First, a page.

A peek into topics buzzing at Cassandra

Another week, another seemingly endless stream of viral moments. Today, we're taking a closer look at what Gen Z has to say about the headlines dominating the internet discourse, including a trial that’s divided generations and platforms, an album that’s decimating records right and left, and a very public lesson in the power of fandom.


It’s Harry’s world – er, house – and we’re just living in it. Styles’ third studio album, “Harry’s House,” debuted at number one on the Billboard 200 albums chart last week, selling the equivalent of 521,500 units (a number based on album sales, track sales, and online streams) in the U.S alone. The album also cleared the modern-day record for single-week vinyl album sales. And its popularity extended beyond America: Styles simultaneously held the number one album and number one track (lead single “As It Was”) in the UK, Canada, Germany, Australia, Netherlands, Italy, Ireland, New Zealand, Switzerland, and Belgium. It also, unsurprisingly, has been continuously trending across social media platforms; on TikTok, for instance, #HarrysHouse has more than 1.5 billion (and counting) views.


This week we saw a conclusion – or at least the closest to it we could hope for – of the Depp-Heard trial that’s been occupying newspaper headlines, Twitter timelines, and TikTok FYPs for months. After ​​Johnny Depp won the defamation case against ex-wife Amber Heard on Wednesday, with a jury awarding him $15 million, TikTok swiftly rejoiced, while Twitter lamented the loss of rights for sexual assault victims. This controversial trial, which was live-streamed on Court TV and YouTube, has played out across social media in a truly unprecedented way. There's been a staggering divide, with Twitter widely taking a pro-Amber stance and TikTok swinging dramatically in the other direction. To date, #JusticeforJohnnyDepp has more than 19.8 billion views.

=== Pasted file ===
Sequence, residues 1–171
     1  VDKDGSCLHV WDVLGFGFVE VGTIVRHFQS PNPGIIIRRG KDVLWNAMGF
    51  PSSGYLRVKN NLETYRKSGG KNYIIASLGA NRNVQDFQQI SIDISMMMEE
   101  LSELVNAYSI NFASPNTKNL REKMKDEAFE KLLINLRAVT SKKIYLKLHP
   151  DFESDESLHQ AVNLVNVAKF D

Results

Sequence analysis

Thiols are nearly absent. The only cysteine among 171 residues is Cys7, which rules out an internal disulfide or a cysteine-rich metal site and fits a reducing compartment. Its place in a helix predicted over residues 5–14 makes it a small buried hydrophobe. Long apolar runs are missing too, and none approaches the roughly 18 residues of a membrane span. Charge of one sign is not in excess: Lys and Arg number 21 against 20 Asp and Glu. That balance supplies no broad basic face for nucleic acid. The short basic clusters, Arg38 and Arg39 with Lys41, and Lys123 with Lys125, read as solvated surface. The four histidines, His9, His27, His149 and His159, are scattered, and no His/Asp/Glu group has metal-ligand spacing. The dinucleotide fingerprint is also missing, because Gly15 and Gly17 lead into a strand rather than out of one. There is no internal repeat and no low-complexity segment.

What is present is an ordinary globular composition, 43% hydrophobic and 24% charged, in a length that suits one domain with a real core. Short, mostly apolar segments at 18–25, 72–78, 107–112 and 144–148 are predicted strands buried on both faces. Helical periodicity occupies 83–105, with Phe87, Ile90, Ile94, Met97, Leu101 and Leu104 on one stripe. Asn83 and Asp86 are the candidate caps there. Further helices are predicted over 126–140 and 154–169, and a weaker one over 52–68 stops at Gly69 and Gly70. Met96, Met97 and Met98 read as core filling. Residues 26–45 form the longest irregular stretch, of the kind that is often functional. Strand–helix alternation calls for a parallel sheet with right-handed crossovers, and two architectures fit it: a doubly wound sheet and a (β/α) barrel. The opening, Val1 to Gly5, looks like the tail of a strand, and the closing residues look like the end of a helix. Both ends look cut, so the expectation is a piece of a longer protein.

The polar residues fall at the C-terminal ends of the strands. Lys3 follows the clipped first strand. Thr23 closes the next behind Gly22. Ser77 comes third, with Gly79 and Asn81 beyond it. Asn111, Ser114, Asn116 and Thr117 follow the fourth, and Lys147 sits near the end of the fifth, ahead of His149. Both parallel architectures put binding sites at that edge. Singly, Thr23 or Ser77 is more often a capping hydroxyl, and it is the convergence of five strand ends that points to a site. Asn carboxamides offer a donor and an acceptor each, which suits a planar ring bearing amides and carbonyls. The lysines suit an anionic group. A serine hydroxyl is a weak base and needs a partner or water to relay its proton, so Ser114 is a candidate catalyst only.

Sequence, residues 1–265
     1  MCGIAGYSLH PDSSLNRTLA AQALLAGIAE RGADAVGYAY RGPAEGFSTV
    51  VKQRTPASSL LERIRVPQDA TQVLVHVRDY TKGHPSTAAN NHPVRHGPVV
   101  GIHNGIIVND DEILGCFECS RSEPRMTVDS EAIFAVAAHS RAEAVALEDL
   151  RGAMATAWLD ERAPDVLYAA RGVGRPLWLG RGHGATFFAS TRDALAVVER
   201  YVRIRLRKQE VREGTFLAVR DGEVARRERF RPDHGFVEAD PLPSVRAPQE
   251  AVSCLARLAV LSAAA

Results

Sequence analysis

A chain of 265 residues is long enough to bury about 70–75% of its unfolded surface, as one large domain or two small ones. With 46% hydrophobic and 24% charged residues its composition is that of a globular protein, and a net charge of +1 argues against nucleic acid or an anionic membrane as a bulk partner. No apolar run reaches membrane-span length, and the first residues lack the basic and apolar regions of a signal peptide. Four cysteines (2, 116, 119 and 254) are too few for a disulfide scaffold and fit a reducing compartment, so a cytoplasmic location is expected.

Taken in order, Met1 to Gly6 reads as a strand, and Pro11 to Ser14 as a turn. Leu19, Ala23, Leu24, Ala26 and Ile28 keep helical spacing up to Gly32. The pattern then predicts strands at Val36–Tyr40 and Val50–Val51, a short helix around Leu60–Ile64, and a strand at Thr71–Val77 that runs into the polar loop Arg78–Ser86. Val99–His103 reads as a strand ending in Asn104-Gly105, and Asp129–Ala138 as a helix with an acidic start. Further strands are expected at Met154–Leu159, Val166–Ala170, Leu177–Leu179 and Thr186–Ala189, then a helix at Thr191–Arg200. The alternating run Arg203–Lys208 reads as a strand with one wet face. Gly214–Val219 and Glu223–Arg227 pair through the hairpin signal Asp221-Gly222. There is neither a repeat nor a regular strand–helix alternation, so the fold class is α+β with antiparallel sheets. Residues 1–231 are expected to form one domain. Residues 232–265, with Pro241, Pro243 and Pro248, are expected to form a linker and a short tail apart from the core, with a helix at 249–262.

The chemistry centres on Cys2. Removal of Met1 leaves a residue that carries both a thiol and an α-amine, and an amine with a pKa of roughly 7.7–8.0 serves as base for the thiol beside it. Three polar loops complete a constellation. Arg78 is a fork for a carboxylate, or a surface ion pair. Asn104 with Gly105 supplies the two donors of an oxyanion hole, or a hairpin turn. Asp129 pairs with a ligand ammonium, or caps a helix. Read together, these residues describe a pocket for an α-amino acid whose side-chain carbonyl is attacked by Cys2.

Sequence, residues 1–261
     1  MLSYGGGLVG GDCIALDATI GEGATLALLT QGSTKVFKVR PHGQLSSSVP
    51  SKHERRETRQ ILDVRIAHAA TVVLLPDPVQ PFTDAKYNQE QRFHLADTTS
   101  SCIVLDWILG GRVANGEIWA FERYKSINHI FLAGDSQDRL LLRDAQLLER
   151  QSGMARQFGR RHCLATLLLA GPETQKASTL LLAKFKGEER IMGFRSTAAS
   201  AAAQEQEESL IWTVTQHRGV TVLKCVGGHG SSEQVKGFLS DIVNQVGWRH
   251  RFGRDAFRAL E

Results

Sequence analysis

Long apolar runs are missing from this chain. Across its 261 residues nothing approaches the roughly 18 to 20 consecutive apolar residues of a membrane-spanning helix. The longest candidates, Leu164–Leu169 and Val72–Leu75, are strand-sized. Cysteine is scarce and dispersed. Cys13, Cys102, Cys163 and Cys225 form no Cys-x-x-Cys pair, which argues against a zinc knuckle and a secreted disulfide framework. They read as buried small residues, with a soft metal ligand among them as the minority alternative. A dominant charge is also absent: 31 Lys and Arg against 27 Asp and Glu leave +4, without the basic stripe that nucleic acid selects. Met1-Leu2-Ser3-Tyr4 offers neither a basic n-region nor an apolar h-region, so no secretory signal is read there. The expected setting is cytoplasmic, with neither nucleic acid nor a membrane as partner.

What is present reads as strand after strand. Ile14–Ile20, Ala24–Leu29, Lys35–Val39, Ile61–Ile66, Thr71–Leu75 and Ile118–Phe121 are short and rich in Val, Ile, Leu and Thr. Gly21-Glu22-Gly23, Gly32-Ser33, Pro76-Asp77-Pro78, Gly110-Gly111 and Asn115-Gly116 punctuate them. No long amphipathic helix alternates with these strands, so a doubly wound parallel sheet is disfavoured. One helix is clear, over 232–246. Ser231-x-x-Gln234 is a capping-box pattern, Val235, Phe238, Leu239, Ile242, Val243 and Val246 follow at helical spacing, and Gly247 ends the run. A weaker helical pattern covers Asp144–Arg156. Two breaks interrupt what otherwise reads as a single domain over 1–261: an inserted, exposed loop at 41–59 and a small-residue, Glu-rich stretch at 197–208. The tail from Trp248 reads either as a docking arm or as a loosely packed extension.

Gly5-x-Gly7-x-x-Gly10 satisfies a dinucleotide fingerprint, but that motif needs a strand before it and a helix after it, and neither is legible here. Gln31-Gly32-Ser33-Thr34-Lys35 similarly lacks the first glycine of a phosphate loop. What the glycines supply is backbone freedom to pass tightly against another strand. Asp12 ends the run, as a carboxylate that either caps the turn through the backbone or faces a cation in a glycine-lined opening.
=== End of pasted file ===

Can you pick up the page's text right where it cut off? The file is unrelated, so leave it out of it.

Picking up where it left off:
Elsewhere in fandoms, Fox News host Tucker Carlson learned the power of the BTS Army after he criticized the K-pop band’s appearance at the White House earlier this week. President Biden invited the chart-toppers to visit on May 31, the last day of AAPHI heritage month, to discuss anti-Asian hate crimes. “Yeah, so we got a Korean pop group to discuss anti-Asian hate crimes in the United States. OK. Good job, guys,” Carlson said dismissively. It was a brief segment, but it was enough to send BTS’s fiercely devoted (and completely massive) fandom into a tailspin. Carlson’s Twitter account has since been bombarded with mentions and memes, and it’s showing no sign of letting up.